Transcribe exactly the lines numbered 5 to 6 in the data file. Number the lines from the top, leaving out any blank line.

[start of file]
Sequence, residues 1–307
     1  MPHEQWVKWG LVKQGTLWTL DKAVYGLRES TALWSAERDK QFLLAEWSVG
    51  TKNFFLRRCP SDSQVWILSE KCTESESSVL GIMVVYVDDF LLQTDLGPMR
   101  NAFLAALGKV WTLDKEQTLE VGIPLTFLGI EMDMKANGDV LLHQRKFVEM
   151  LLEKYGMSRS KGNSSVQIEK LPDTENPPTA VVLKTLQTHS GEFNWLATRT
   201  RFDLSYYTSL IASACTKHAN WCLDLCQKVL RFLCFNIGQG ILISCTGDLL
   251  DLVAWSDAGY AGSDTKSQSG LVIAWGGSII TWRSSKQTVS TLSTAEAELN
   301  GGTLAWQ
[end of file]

   151  LLEKYGMSRS KGNSSVQIEK LPDTENPPTA VVLKTLQTHS GEFNWLATRT
   201  RFDLSYYTSL IASACTKHAN WCLDLCQKVL RFLCFNIGQG ILISCTGDLL